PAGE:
Couples who don’t live together can now meet up for sex after changes to the coronavirus restrictions in England – but casual sex is still banned.
The guidance applies to “established” relationships, though it’s not clear what counts as established.
And the rules differ depending on where you are.
In local lockdown areas like Birmingham or much of Greater Manchester, social visits from people outside your household or support bubble are banned.
Household visits are not allowed in Scotland, but couples not living together are exempt.
In Wales, you can form an extended household, which means you’re allowed to meet indoors and have physical contact.
The Terrence Higgins Trust published advice in August suggesting people avoid kissing, wear a face covering and choose positions that aren’t face-to-face during sex.
They say their advice hasn’t changed much since then.
“Your best sexual partner during the COVID-19 pandemic is yourself or someone within your household and you should follow the Government guidelines about social distancing, hand washing and face coverings.
“However, it’s unrealistic to ask everyone to abstain from sex indefinitely, whether in ‘established’ relationships or not,” the trust says.
Masturbation, sex toys or having phone or online sex are recommended as the safest options.
If you are having sex with people outside of your household, it’s important to limit the number of partners, it says.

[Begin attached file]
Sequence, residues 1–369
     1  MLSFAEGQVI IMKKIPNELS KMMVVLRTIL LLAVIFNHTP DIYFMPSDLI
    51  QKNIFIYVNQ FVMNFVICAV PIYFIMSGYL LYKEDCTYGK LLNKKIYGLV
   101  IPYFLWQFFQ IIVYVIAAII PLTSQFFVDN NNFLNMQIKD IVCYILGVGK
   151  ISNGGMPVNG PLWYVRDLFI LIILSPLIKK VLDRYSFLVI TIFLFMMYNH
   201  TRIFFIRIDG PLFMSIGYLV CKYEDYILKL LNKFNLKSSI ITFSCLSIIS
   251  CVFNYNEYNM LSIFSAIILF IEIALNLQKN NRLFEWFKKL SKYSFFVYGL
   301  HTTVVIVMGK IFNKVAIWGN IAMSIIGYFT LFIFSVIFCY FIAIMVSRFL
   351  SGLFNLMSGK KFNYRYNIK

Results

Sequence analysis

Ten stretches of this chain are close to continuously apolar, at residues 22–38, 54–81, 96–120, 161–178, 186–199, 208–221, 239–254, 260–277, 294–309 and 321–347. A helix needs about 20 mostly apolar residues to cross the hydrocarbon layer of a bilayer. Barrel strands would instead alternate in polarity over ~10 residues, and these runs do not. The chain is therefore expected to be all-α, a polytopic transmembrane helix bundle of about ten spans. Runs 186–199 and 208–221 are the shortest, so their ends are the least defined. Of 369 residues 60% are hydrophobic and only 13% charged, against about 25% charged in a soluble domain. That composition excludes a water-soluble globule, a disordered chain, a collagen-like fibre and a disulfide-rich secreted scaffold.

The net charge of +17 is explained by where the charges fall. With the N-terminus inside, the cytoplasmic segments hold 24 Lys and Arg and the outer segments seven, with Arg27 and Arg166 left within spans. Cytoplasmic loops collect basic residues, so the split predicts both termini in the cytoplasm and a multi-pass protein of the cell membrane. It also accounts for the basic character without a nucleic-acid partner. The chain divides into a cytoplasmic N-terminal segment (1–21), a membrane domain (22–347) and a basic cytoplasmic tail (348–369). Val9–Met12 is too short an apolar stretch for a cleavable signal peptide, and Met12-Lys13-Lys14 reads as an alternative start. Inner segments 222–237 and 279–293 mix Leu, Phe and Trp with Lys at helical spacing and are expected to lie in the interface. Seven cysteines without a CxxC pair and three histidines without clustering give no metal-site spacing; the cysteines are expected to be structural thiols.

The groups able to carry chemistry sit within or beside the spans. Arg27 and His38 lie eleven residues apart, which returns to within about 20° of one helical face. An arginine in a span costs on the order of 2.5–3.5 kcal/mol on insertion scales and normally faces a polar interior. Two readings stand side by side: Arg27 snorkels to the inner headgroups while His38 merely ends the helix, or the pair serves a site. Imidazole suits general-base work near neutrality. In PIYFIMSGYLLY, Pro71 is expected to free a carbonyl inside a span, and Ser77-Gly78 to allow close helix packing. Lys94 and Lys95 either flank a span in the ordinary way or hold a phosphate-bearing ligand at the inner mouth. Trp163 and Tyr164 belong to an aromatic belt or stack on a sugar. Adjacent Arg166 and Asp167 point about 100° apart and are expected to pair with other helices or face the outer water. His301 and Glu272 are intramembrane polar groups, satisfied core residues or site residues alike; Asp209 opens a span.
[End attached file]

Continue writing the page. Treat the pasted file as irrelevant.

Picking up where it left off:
Like with everything at the moment, be aware of any Covid-19 symptoms you or your partner might have – and isolate if you have them.
If you are meeting someone new, the charity says to ask if they or anyone in their household have had symptoms or tested positive.
Does the virus spread through sex?
The virus can spread through saliva, mucus or the breath of those who have it, along with contact with hard surfaces.
“If you are going to touch each other’s genitals it’s likely that you will potentially be kissing at the same time – and we know the virus is passed through saliva,” Dr Alex George told Radio 1 Newsbeat in March.
Dr Alex is an A&E doctor and former Love Island contestant and says “any possibility of transfer of coronavirus – from your mouth to your hands, to genitals, to someone else’s nose or mouth” increases the risk of passing on coronavirus.
That’s why the Trust recommends not kissing, wearing a face mask during sex and favouring positions where you’re not face-to-face.
It adds the virus has been found in semen and poo, which is why you should use condoms and dams for oral sex to minimise risk.
And given we’re supposed to be doing it after most things – washing your hands for more than 20 seconds or using hand sanitiser before and after sex is recommended.
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All of this is not to say you should forget about your sexual health in general.
The charity says it’s important to get tested for sexually transmitted infections before starting to have sex again.
“Lockdown has meant that most people have had fewer sexual partners, if any at all, and now is the perfect time to be sure you don’t have an STI and to know what your HIV status is,” it says.
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